Esmeralda (Gina Lollobrigida) with Phoebus (Jean Danet), 1956 Hunchback of Notre Dame picture image

Esmeralda (Gina Lollobrigida) with Phoebus (Jean Danet), 1956 Hunchback of Notre Dame

Last week it was announced  that one Peter Chernin was developing a new Hunchback of Notre Dame movie from Esmeralda’s perspective. This is a big deal for a few reasons.

First and foremost this idea originally was announced in 2013 as an idea for Once Upon a Time. Once it was announced that was the last anyone heard about it. It’s very unclear if this movie idea came from the Once Upon a Time idea or is a separate concept.

Second this is the first movie since the freaking lost films that Esmeralda as the focus character. Evert movie version since 1923 has been a Quasimodo movie. This also mean most movie versions made are vanity projects lead by a 40 something male actor looking to play emotional yet physically demanding role.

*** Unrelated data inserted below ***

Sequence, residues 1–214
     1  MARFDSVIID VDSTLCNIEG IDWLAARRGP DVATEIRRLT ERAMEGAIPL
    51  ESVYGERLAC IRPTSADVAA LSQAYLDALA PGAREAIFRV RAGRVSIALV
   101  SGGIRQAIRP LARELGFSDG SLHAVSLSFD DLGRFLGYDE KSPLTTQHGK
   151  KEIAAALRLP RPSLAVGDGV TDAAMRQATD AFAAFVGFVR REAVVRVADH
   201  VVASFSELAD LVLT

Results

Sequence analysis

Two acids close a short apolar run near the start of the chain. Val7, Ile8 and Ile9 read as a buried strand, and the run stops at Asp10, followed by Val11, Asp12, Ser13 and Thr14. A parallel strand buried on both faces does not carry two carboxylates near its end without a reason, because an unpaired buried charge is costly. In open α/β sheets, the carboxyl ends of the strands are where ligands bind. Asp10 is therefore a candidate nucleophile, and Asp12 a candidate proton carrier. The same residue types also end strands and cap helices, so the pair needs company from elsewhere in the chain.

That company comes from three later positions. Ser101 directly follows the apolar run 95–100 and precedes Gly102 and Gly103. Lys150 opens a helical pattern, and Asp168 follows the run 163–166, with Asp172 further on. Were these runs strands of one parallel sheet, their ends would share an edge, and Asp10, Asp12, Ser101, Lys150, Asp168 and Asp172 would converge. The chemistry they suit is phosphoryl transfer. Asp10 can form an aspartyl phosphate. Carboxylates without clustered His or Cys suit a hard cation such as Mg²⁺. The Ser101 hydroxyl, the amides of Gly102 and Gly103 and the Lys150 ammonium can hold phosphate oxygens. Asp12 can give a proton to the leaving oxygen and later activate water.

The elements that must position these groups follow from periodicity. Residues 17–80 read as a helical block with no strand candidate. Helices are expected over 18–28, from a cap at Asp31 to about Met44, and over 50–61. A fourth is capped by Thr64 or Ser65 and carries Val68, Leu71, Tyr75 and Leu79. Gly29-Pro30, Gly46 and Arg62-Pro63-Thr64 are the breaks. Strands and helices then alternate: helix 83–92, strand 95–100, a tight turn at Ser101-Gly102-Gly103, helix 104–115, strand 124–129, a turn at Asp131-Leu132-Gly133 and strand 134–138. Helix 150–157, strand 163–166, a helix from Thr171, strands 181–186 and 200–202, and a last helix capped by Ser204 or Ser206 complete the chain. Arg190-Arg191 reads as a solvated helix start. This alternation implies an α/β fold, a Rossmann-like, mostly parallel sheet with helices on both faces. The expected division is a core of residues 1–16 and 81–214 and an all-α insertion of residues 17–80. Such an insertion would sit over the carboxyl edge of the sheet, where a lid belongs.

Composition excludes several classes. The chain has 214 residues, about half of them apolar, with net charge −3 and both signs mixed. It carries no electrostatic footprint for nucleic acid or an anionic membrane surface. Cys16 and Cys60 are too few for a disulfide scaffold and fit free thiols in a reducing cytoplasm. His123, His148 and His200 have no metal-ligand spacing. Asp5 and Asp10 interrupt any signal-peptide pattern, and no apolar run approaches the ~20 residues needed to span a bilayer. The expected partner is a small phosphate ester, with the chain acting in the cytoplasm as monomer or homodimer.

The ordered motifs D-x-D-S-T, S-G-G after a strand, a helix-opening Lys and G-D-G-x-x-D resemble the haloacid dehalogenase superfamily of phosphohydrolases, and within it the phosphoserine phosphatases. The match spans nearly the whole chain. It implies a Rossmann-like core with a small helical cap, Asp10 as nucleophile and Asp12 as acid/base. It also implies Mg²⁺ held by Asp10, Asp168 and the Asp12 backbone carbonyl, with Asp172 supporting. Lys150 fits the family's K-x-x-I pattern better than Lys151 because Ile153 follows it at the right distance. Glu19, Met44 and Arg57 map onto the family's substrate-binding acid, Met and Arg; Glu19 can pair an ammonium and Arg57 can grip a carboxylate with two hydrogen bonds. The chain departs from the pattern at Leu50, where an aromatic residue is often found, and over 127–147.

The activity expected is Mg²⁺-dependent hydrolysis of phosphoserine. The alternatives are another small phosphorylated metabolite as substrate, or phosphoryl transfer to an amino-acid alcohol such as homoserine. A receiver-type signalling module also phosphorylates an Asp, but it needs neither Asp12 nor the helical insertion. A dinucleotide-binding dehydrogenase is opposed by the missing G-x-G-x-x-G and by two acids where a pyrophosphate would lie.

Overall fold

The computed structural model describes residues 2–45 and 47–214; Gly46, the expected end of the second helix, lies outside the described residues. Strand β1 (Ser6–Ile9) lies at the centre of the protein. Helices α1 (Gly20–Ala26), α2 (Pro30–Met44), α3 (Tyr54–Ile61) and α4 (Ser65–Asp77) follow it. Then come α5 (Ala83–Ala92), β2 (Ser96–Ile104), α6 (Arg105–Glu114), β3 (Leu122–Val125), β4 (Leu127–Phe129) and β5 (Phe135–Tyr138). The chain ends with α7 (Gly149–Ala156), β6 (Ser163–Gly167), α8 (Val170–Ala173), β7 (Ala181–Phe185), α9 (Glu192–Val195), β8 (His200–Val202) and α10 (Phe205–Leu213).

Looking in to Peter Chernin who is not and actor or a director but a business man turned producer who has his own production, Chernin Entertainment. So it’s more likely that this film will happen than other film version that are being made who wanted to be made. Though Max Ryan’s upcoming version which is set to start filming in Serbia is an independent movie.

Also all the new outlets that have report on this are calling it a Live-action. This that either they are connecting it to the Disney version because of the trend of live-action Disney movies is REALLY big right now, they are confused or does Chernin have titles to Disney? That is unclear and it’s still really early in development. But it’s fun that there are two new Hunchback movies in the works, good or bad.

Also one person on http://screenrant.com/hunchback-notre-dame-esmeralda-retelling/ implied Mila Kunis, Penelope Cruz, Aishwarya Rai, or Vanessa Hudgens for the role of Esmeralda. To which I say;

maybe, interesting because her sister Moinca was listed in negotiation for Esmeralda for the Max Ryan movie in like 2007, pushing it on age and her Hollywood debut never really panned out but we could get a kickass dance number if they cast a Bollywood actress, and lastly nope please no on Hudgens.

 

I hope they give the role to a new actress but I doubt they will but it will depend on Esmeralda background who they cast. I wish they would go with Esmeralda’s original backstory but they don’t I don’t care that much.

 

Who do you want to play Esmeralda?